Sunday, April 24, 2005

What If He Is Right, Too? 

For decades, we've worked under the assumption that mass culture follows a path declining steadily toward lowest-common-denominator standards, presumably because the ''masses'' want dumb, simple pleasures and big media companies try to give the masses what they want. But...the exact opposite is happening: the culture is getting more cognitively demanding, not less. To make sense of an episode of (for example) ''24,'' you have to integrate far more information than you would have a few decades ago watching a comparable show. Beneath the violence and the ethnic stereotypes, another trend appears: to keep up with entertainment like ''24,'' you have to pay attention, make inferences, track shifting social relationships. This is what I call the Sleeper Curve: the most debased forms of mass diversion -- video games and violent television dramas and juvenile sitcoms -- turn out to be nutritional after all.

From Steven Johnson's new book of essays Everything Bad Is Good For You. Originally in today's New York Times Magazine and subsequently picked up by BoingBoing, with a redirect to additional mediacult rantage on Johnson's blog, including a seminal piece imagining the sociocritical response to the book had video games arrived first (and subsequent discussion/criticism via comments):
But perhaps the most dangerous property of these books is the fact that they follow a fixed linear path. You can't control their narratives in any fashion—you simply sit back and have the story dictated to you. For those of us raised on interactive narratives, this property may seem astonishing. Why would anyone want to embark on an adventure utterly choreographed by another person? But today’s generation embarks on such adventures millions of times a day. This risks instilling a general passivity in our children, making them feel as though they’re powerless to change their circumstances. Reading is not an active, participatory process; it’s a submissive one. The book readers of the younger generation are learning to 'follow the plot' instead of learning to lead."

The excerpts alone simultaneously challenge and speak to the work of the greats from Postman to Paglia, and, as such, dovetail with and justify my own work (including that course analyzing Beavis and Butthead, The Simpsons, and South Park). Either, taken alone, is perhaps the most tantalizing riff I've ever read. Note to self: finally, a must-read.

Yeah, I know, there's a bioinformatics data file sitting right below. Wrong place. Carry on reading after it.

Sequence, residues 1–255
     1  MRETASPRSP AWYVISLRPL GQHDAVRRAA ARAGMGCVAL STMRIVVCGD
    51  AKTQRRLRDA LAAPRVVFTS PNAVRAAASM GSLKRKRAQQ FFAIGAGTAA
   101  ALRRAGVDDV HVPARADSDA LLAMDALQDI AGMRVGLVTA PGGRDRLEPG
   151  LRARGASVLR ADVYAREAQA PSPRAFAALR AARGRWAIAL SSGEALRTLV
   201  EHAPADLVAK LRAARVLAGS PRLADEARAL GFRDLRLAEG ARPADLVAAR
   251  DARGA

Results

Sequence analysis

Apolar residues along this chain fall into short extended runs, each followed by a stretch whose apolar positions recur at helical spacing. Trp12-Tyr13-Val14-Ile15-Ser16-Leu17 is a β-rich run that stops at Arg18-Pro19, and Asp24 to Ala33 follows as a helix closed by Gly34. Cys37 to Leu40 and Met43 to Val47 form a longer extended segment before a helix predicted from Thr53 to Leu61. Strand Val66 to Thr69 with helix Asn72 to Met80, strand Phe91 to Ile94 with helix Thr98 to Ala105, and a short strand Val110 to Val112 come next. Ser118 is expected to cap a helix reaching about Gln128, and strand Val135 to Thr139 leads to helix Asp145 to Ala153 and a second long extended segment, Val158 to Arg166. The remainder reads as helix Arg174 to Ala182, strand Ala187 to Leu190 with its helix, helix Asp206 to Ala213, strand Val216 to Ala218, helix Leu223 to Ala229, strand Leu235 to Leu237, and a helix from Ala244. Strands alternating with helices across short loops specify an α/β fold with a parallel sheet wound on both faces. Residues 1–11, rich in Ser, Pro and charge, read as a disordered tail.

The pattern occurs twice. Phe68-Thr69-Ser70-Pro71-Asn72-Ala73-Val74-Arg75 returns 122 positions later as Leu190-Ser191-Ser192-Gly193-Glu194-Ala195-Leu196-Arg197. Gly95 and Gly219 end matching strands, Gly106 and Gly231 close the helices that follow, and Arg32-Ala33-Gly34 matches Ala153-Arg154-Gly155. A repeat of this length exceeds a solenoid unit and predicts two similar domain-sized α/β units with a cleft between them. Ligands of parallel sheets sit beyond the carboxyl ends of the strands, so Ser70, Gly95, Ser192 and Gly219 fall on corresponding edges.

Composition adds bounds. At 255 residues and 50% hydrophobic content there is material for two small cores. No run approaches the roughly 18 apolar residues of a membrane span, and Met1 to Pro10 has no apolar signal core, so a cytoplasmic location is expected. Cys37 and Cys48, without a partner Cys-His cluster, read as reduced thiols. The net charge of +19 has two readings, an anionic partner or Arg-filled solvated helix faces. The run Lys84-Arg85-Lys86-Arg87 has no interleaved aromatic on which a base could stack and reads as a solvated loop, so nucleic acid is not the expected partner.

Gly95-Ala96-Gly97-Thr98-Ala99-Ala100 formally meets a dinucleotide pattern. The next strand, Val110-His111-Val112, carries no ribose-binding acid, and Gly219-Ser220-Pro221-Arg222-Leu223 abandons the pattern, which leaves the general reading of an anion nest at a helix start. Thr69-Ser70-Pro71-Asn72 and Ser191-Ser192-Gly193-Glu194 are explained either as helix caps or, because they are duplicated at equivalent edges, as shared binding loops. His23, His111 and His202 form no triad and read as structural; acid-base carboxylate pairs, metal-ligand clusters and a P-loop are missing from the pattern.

Metathought: Okay, maybe the Postman/Paglia thing is a bit obscure; for those who actually want to follow-up, this Wired article is probably a decent enough summary, albeit in Paglia's own words. And speaking of academic field-specificity, total mega-bonus points to anyone who recognized the reference to a four decade old Tom Wolfe essay about Marshall McLuhan in the blogtitle.

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Or wouldn't of it been great if we had the internet before we had books?

What would that have looked like? Then, we would have never had to be in the dark ages of this "submissive reading". ONe of the things I like best about the internet, is that I don't feel alone. When I become a little bit more enlightened from the internet, I feel like our whole society becomes a little more enlightened.

Which is exactly why I am here. Sort of.

I remember in your Modern American Culture class we read Tom Wolfe. In "The Pump House Gang" he said that the "We" Generation was the sixties, while the "Me" generation was the sixties.

With this current net neutrality debate, I've begun to try to think what our generation is like. The past few months, it has just come up in my face as "I".

I want to start a business. So I will, I'll set up my own website and sell rats or records or whatever.

I want to tell the world to hear my thoughts. So I'll post a blog with all my thoughts.

I want to be a rock star. So I'll get a MySpace account and network with artists and get a record deal with some guy states away.

I want to move to be a superstar. I'll start my own video blog. (This is off topic, but check out for a really sweet vlog.)

Especially when I read this letter, addressed to the U.S. Energy and Commerce Committee about the net neutrality issue, from some dude at Google:

"Telephone companies cannot tell consumers who they can call; network operators should not dictate what people can do online."

I want to see the information I want to see.

There is no way this law will pass. If it does, I truly believe the human race is headed to be a land of void, sad dead pieces of clay, sitting, waiting to die, and punching to clock to go home. A culture cannot thrive without passion, inspiration, and creativity, all things that the internet has given us.

We have become so " I " now, not even our own governmental bodies can stop us.

God bless America.


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